In 1984 Soldinger met the late Hurricanes head coach Howard Schnellenberger at a coaches convention in Dallas, TX. Soon after, Schnellenberger gave Soldinger a call and asked for him to come to UM to meet with him. In the meeting, Schnellenberger offered Soldinger the Hurricanes’ linebackers coaching position, a job that he would end up taking.

“I want you to coach the linebackers, you want the job,” Schnellenberger said.

After negotiating salary, Schnellenberger asked one final thing.“You got any other questions?”

“Yeah. What about retirement?” Soldinger said.

Removing the pipe from his mouth Schnellenberger says,

“I don’t want to talk to anybody thinking about retirement.”

Soon after spring football, Schnellenberger resigned as head coach and the Hurricanes brought in Jimmy Johnson. Johnson met with all of the assistant coaches and decided to keep Soldinger on his staff.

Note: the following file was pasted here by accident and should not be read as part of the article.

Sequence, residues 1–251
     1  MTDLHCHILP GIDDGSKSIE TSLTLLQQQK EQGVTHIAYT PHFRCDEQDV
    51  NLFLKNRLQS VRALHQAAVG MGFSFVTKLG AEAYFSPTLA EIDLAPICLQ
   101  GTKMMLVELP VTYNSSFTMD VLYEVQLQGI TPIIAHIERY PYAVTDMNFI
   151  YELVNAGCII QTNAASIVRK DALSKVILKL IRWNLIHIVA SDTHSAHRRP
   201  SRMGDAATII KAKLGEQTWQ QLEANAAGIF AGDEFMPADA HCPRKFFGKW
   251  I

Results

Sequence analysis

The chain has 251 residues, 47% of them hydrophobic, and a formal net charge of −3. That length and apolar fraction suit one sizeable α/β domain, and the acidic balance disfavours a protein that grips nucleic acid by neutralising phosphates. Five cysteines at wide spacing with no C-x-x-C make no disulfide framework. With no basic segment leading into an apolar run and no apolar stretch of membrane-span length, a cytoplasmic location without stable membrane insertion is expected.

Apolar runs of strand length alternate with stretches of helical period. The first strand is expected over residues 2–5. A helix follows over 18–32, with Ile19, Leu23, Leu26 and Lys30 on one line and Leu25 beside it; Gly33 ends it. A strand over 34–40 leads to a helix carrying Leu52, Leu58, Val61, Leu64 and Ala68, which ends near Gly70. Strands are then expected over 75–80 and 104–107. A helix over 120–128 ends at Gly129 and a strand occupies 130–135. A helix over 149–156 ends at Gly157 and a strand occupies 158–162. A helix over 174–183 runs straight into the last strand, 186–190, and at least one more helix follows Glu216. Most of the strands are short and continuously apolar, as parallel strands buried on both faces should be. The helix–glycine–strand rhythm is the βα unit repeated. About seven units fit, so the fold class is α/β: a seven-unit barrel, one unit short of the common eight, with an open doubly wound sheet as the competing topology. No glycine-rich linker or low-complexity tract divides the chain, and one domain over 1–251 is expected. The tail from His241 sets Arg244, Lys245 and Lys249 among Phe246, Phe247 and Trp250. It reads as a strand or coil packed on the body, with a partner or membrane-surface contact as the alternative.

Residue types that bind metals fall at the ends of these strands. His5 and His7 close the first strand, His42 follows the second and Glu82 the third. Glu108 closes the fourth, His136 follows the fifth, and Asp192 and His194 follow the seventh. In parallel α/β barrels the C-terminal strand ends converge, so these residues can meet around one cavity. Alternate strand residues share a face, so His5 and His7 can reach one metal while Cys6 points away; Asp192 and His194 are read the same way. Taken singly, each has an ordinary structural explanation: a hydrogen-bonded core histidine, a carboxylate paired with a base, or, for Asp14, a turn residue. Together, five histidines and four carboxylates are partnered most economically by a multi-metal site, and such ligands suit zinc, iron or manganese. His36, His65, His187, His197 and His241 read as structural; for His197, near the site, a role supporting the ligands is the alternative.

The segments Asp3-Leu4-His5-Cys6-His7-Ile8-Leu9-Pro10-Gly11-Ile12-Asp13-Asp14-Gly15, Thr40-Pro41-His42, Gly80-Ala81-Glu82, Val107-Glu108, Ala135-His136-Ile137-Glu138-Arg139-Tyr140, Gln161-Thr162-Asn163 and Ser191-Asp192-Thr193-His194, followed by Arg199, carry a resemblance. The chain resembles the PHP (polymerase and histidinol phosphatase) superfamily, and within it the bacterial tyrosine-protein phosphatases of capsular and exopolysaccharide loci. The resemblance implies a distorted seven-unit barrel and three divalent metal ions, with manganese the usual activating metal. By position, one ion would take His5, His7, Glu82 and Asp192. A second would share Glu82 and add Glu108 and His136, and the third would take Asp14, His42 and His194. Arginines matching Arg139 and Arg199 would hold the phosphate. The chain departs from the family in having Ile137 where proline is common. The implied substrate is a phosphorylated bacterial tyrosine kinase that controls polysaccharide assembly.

The 1984 Miami Hurricanes opened the season in East Rutherford, NJ playing the number one ranked Auburn Tigers in the Kickoff Classic at Giants Stadium.

“The first game I coached against Bo Jackson, Tommie Agee, and Brent Fullwood, three stud backs, and we held Jackson to 78 yards and beat them.”

Jackson went on to win the Heisman Trophy in 1985, an award given out annually to the most outstanding player in NCAA football.

Miami defeated Auburn 20-18.

For some coaches, success can come easy at one level, but once they advance to the next it can be a massive failure.

This was not the case for Soldinger as he won two National Championships with the Canes in 1987 and 2001 along with playing in 14 post-season bowl games in 16 seasons on the Hurricanes staff. Soldinger reached the highest achievement at not only the high school level but also the collegiate.